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The human U1 snRNA is encoded by a multigene family consisting of transcribed variants and defective pseudogenes. Many variant U1 (vU1) snRNAs have been demonstrated to not only be transcribed but also processed by the addition of a trimethylated guanosine cap, packaged into snRNPs, and assembled into spliceosomes; however, their capacity to facilitate pre-mRNA splicing has, so far, not been tested. A recent systematic analysis of the human snRNA genes identified 178 U1 snRNA genes that are present in the genome as either tandem arrays or single genes on multiple chromosomes. Of these, 15 were found to be expressed in human tissues and cell lines, although at significantly low levels from their endogenous loci, <0.001% of the canonical U1 snRNA. In this study, we found that placing the variants in the context of the regulatory elements of the RNU1-1 gene improves the expression of many variants to levels comparable to the canonical U1 snRNA. Application of a previously established HeLa cell-based minigene reporter assay to examine the capacity of the vU1 snRNAs to support pre-mRNA splicing revealed that even though the exogenously expressed variant snRNAs were enriched in the nucleus, only a few had a measurable effect on splicing. © 2024 Wong et al.; Published by Cold Spring Harbor Laboratory Press for the RNA Society.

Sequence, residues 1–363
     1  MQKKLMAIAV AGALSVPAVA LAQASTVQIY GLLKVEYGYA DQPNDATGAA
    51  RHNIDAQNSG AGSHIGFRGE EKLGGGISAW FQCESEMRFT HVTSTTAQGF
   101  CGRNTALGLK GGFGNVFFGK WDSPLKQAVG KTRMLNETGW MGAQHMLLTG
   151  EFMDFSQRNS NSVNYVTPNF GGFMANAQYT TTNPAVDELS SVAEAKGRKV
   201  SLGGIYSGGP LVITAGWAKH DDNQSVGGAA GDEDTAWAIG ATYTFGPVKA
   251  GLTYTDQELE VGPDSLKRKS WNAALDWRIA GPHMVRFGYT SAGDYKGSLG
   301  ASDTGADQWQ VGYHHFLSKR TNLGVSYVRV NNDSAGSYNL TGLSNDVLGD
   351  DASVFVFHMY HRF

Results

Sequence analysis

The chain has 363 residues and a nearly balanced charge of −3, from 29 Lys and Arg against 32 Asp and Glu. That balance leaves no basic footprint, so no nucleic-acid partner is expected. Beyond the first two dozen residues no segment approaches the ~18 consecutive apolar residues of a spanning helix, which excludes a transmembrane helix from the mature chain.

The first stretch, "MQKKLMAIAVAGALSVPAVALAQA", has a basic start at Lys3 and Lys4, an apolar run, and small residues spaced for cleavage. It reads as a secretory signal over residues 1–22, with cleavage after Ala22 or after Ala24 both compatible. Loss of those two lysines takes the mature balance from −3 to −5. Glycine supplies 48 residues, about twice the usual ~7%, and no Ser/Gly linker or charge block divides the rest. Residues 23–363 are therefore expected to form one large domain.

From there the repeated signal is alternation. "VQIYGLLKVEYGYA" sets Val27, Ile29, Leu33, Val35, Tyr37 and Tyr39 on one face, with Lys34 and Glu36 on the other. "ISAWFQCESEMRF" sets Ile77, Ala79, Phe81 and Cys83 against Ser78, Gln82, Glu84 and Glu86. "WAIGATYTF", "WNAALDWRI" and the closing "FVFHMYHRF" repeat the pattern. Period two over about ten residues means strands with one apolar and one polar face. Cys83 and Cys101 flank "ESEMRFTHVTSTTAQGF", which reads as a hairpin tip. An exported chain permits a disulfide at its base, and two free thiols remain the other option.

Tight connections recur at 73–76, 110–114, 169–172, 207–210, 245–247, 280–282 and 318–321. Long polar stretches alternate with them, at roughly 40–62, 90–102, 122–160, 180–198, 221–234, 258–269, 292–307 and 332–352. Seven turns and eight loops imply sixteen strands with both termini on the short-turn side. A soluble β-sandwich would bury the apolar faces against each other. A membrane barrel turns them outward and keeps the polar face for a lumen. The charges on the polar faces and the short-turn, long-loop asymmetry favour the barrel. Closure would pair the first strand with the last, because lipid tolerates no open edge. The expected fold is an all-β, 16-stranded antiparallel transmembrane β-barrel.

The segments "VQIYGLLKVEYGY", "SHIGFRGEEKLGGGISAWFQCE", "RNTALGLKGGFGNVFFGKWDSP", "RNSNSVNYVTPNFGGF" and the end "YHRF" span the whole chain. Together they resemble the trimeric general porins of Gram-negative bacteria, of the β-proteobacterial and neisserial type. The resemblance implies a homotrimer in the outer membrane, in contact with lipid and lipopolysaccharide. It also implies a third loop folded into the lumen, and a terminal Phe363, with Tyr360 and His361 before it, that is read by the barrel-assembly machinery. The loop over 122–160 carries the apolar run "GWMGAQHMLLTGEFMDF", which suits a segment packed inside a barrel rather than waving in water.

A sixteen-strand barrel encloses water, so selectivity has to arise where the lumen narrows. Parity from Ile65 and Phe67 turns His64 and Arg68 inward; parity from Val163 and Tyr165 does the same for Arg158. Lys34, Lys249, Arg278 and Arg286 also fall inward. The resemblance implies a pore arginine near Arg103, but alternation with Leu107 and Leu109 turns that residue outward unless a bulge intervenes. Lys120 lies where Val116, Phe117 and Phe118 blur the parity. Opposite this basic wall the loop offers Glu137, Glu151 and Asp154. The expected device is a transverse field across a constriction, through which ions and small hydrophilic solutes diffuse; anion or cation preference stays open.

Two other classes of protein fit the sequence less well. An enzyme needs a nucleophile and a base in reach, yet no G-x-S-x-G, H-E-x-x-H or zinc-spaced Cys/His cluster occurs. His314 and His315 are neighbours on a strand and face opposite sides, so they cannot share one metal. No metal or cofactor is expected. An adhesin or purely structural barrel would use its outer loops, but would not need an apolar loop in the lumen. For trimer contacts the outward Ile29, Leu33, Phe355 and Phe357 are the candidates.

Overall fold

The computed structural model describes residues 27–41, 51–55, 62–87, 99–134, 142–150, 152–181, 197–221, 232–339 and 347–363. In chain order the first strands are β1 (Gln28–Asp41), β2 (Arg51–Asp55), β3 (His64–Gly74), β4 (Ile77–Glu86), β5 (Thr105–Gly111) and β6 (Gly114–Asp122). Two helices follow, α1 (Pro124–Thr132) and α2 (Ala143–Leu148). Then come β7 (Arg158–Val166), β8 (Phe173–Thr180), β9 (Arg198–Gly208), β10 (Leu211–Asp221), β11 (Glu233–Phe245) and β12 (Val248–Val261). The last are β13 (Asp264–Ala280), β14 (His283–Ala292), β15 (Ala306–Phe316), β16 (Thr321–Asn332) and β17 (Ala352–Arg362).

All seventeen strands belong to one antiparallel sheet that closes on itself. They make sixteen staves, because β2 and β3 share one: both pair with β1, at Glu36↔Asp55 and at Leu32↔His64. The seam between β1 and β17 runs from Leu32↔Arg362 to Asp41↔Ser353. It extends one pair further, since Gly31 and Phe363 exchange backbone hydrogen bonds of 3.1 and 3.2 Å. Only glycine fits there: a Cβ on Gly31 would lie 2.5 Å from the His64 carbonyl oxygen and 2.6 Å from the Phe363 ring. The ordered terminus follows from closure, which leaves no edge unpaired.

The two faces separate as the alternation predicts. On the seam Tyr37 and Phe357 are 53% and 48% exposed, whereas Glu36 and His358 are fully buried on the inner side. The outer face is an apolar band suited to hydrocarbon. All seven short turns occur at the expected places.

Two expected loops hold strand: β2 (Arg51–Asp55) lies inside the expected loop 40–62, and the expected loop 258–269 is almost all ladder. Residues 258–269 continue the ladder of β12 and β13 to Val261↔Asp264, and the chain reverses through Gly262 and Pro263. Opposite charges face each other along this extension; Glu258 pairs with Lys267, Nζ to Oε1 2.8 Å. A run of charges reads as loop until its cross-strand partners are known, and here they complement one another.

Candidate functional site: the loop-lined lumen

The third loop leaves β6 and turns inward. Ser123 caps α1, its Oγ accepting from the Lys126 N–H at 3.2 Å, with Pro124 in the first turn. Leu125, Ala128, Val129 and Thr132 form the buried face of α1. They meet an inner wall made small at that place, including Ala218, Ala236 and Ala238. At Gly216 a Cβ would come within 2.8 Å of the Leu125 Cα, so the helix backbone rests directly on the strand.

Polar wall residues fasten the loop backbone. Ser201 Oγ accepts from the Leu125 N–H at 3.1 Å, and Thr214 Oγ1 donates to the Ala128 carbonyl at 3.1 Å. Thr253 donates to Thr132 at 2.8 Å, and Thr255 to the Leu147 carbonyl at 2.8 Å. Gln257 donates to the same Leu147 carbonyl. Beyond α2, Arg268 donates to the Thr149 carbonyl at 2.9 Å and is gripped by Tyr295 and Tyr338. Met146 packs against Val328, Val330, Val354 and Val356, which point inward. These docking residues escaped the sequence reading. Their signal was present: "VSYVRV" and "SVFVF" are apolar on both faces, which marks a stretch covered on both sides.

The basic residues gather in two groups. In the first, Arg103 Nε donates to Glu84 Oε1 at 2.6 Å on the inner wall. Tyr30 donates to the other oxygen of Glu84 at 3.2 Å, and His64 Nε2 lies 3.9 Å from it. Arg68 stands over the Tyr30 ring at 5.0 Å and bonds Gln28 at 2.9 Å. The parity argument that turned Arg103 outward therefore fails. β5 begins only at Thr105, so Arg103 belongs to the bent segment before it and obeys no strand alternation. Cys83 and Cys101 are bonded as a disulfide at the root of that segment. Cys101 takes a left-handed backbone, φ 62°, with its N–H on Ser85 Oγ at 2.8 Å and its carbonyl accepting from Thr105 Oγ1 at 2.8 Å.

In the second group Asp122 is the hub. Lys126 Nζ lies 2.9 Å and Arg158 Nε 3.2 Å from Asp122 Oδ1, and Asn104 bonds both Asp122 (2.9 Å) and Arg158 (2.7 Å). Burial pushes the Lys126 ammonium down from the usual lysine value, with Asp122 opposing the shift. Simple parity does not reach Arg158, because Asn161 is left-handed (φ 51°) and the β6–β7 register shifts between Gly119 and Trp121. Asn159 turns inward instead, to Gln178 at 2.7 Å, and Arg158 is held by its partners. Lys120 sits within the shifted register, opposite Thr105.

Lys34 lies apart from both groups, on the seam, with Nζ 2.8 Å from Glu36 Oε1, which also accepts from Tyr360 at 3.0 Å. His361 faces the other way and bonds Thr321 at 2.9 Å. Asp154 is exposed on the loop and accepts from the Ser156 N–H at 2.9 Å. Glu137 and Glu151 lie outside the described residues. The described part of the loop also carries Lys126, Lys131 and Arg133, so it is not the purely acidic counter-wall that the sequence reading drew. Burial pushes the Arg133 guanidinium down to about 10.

Jason Wong, Ryan Yellamaty, Christina Gallante, Ethan Lawrence, William Martelly, Shalini Sharma. Examining the capacity of human U1 snRNA variants to facilitate pre-mRNA splicing. RNA (New York, N.Y.). 2024 Feb 16;30(3):271-280

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PMID: 38164604

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